Wrestling the real facts on Tak
A different kind of coaching
To Dan Marino - hang up your spikes of leave Miami
Wrestling the real facts on Tak
By Wes Brown
This week's 20 questions takes to the mat as Western wrestling head coach Ray Takahashi grapples the ins and outs of an extremely physical sport.
Takahashi's path to wrestling actually started with judo and it wasn't until high school that wrestling finally piqued his interest. "In Grade 9 I started wrestling but I already had hundreds of judo matches under my belt. Initially, I started [it] to improve my judo," Takahashi said about his early athletic ventures.
"My father got me involved in judo at a young age. He's one of the highest ranking judo Ka's in Canada right now with an eighth degree black belt. My entire family was brought up on it. My mother is a fifth degree black belt and my brother and sister run the judo club my father started years ago."
Takahashi's focus from judo to wrestling gradually shifted as he improved at the sport. This increased commitment would lead him to much bigger and better things.
"I made three Olympic teams, '76, '80 and '84, wrestling at 52 [kilograms]. It was a great experience, it was exactly what you think the Olympics are all about," he said, adding he managed to leave his mark on the international competition. "I placed fourth at the '84 Olympics. I wanted to do well at the '84 Games because I knew it would be my last."
Ray wasn't the only Takahashi competing at the Olympic level. His brother, Phil, also represented Canada on the judo team in the 1980, 1984 and 1988 Olympics. Having his big brother compete alongside him at such a high level of competition was incredibly exciting, Takahashi said.
Glynn Leyschon coached Western's wrestling team as well as the 1980 Olympic squad and Takahashi said he was a big influence on him when he applied to the university in 1978.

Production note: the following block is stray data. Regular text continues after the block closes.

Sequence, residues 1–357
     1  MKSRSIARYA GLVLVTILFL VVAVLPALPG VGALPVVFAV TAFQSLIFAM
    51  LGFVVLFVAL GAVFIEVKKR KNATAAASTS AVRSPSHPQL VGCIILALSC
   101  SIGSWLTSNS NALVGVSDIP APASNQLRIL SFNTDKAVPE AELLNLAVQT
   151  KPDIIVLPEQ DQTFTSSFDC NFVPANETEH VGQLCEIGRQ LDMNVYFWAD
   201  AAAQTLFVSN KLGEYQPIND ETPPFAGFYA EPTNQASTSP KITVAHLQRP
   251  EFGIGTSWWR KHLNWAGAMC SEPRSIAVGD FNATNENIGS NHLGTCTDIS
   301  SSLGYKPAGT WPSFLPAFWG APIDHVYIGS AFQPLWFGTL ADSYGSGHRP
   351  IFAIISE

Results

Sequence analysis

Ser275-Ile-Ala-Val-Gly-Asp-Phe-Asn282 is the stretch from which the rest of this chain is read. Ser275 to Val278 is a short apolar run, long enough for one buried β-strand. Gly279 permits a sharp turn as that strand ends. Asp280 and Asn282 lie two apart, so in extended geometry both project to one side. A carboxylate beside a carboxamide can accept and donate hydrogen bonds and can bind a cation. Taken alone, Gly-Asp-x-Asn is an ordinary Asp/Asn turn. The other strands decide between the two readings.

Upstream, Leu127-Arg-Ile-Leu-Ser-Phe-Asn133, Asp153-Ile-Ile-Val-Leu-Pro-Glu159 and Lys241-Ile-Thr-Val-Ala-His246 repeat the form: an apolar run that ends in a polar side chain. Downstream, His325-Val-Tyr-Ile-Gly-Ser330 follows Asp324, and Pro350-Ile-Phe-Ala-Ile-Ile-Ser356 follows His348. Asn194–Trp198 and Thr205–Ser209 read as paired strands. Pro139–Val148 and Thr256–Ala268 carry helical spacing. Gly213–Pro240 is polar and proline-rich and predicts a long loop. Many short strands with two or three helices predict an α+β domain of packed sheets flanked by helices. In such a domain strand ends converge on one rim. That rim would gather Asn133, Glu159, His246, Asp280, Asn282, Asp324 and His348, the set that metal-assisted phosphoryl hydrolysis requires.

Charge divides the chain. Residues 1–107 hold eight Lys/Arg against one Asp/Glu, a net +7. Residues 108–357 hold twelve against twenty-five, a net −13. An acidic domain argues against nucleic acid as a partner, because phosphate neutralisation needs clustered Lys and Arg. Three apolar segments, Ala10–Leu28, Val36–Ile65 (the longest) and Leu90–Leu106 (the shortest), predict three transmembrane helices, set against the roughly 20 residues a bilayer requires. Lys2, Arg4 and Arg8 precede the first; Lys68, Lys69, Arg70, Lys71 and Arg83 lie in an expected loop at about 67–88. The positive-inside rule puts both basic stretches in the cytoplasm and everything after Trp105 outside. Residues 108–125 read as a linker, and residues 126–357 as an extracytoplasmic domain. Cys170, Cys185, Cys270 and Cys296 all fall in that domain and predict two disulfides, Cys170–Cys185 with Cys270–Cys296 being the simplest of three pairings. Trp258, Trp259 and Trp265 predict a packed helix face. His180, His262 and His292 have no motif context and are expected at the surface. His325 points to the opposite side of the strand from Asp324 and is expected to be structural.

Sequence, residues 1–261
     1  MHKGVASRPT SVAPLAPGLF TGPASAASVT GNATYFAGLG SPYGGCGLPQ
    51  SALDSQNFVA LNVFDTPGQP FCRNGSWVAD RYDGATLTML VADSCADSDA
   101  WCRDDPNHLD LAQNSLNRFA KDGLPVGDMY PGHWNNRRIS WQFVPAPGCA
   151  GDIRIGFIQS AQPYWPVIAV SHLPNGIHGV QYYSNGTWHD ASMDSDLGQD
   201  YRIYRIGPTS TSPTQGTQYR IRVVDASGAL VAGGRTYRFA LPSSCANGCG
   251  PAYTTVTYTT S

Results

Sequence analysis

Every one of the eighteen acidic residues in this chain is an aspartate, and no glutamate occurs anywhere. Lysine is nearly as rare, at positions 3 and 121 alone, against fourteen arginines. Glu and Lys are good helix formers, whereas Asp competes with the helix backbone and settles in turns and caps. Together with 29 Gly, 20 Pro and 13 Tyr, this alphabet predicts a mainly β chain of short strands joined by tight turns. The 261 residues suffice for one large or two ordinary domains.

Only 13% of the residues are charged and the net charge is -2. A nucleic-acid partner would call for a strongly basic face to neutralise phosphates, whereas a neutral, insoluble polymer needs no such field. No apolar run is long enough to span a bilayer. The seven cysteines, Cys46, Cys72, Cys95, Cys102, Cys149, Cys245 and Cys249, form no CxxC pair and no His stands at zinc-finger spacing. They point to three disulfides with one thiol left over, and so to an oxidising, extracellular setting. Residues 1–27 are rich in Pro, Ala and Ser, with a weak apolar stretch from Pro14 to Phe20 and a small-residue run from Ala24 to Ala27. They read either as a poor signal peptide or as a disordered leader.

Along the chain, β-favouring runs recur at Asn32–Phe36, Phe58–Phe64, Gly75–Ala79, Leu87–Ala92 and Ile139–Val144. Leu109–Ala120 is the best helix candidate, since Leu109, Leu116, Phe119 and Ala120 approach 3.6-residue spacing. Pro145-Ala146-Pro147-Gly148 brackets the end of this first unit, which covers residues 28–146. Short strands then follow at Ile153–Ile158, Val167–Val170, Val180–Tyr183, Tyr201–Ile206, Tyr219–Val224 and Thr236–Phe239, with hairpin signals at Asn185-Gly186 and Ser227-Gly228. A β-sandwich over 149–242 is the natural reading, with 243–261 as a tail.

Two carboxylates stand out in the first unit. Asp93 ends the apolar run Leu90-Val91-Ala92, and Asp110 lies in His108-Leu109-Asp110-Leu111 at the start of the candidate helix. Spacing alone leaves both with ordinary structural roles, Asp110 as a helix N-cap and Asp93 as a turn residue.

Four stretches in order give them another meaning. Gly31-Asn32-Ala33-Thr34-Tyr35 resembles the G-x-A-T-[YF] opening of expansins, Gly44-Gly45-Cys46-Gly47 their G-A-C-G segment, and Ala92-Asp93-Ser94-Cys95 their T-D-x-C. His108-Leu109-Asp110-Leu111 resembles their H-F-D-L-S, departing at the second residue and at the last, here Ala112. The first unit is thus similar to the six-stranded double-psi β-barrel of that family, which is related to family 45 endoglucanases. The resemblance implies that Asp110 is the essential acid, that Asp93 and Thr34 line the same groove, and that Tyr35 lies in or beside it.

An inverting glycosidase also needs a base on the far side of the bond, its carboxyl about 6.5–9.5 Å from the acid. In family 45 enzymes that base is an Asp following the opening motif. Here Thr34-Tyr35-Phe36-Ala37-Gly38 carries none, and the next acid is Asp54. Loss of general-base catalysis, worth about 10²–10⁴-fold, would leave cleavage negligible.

"I came here because [Western] had a good wrestling program and it was a good school for academics, so I wanted a good balance. I did my [physical education] degree here as well as my masters in phys-ed, too so I've been here for awhile," he chuckled.
During his masters studies, Takahashi said a coaching position opened up at the university to which he quickly applied. "I was lucky. It was a matter of being in the right place at the right time."
Takahashi has led Western's wrestling team since 1986 and he said dealing with the people, both other coaches and students, has definitely been the highlight of his tenure.
"What I really enjoy now is hearing from and meeting people I've coached and see them at this period in their lives. Some of them are married with great jobs and you can't help but feel like you had some part of it," he said.
With a bevy of international experience behind him, Takahashi still takes an interest in the global state of the sport. As for wrestling in Canada, Takahashi said competition is at a good level internationally, but added it has changed a lot throughout the years.
"Canada won their first world medal ever last year, we've also won silver medals at Barcelona [Olympics]," Takahashi said about the sport's growing popularity. "Pro-wrestling, however, has really changed over the years to a spectacle and a big business. Very few pro-wrestlers have come through the amateur ranks. I don't think any amateur wrestler comes out aspiring to be a professional wrestler."
Takahashi said he has thoroughly enjoyed his stay at Western and feels he can still contribute to the university program. "One thing people don't know is that Western has a lot of really outstanding coaches. I'm amazed I can rub shoulders with coaches like Larry Haylor [for football], Volker Nolte [for men's rowing and] Al Morrow [for women's rowing] I mean, these are some of the best coaches in the country."
Takahashi added he hopes he can still contribute to Western for many years to come.